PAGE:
FOR IMMEDIATE RELEASE
Date: May 29, 2013
Contact: Rep. Chris Sinicki, 608.266.8588
Sen. Bob Jauch, 608.266.3510
State budget committee launches sneak attack on unemployed workers
Statements from ranking Democratic labor committee legislators Sinicki and Jauch
MADISON - Today the Legislature’s Joint Finance Committee approved changes that make it more difficult for laid-off workers to collect unemployment benefits when they have lost their jobs. For roughly eight decades the Unemployment Insurance (UI) Advisory Council, made up of representatives of employers and employees, has set this policy. Today Republicans on the Finance committee unilaterally took those duties upon themselves and defiantly passed anti-employee measures that the UI Council did not agree upon. They’ve forced changes to UI law into the state budget without any public hearing or scrutiny.
Wisconsin’s unemployment program was the model for the nation at its creation. Now, Republicans are seeking multiple changes that would profoundly change the program and tilt the it dramatically against employees.
In response to this Republican sneak attack on employees, Rep. Chris Sinicki (ranking Democrat, Assembly Committee on Labor ) and Sen. Bob Jauch (ranking Democrat, Senate Committee on Workforce Development, Forestry, Mining, and Revenue) released the following statements:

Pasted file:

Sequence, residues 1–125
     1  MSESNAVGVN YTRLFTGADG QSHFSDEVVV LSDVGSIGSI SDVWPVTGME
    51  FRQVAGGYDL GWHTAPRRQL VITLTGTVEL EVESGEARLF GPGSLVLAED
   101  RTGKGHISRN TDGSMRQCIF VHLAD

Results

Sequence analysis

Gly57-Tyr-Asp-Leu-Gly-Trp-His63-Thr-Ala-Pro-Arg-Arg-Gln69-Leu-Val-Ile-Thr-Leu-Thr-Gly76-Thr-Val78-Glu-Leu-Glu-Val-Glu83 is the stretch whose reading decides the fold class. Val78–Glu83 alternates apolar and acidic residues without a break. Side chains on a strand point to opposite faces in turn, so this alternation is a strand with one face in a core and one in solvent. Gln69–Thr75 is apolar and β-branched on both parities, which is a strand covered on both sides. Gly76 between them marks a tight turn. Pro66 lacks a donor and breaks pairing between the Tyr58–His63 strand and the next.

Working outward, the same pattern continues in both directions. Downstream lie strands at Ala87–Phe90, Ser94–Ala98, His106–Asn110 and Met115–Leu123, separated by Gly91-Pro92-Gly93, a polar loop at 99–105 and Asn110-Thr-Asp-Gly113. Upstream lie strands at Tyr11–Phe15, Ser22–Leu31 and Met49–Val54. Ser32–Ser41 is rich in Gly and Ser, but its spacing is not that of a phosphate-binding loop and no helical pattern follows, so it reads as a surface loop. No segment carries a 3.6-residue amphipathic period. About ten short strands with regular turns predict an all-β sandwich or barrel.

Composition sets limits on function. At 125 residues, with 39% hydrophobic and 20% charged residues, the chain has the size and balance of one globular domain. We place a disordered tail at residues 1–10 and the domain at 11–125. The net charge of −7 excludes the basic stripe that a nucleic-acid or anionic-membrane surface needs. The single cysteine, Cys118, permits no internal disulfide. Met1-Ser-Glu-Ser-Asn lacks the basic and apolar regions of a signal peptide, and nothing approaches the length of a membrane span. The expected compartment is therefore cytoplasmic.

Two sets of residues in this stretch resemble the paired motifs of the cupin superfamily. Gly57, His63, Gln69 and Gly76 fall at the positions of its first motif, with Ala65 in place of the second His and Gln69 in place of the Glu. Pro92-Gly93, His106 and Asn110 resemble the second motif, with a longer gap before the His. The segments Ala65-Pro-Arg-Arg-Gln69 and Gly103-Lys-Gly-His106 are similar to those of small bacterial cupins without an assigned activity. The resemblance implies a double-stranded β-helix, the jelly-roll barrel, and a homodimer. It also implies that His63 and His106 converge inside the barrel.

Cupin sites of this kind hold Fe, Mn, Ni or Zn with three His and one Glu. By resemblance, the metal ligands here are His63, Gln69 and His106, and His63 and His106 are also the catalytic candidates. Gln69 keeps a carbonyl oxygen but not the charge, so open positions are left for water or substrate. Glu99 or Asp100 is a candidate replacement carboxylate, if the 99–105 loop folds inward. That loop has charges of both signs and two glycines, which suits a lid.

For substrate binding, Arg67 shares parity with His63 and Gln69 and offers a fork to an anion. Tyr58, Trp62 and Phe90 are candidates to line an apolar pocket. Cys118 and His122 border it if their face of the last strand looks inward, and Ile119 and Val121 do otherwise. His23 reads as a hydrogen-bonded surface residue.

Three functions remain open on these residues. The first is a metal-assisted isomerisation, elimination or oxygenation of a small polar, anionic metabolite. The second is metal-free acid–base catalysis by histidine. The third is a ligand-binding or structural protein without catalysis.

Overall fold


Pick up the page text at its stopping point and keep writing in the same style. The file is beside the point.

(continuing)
“Under Gov. Walker and the Republicans, Wisconsin has fallen to 44th in the nation in job creation. But, instead of focusing on putting people back to work, Republicans are focused on kicking jobless workers off unemployment,” said Rep. Sinicki. “Republicans want taxpayers to spend millions more on private schools and tax breaks for the rich, but they are kicking workers when they are down in a lagging economy that Republicans themselves created.”
“Rather than working together on bipartisan solutions agreed upon by employers and employees, Republicans are again dividing and polarizing Wisconsin citizens by ramming through measures into the budget that make life even harder for people who have lost their jobs in a down economy,” said Sen. Jauch. “This is incredibly short-sighted because unemployment is intended to maintain the workforce and because it allows people to keep paying their bills, it benefits our whole state economy.”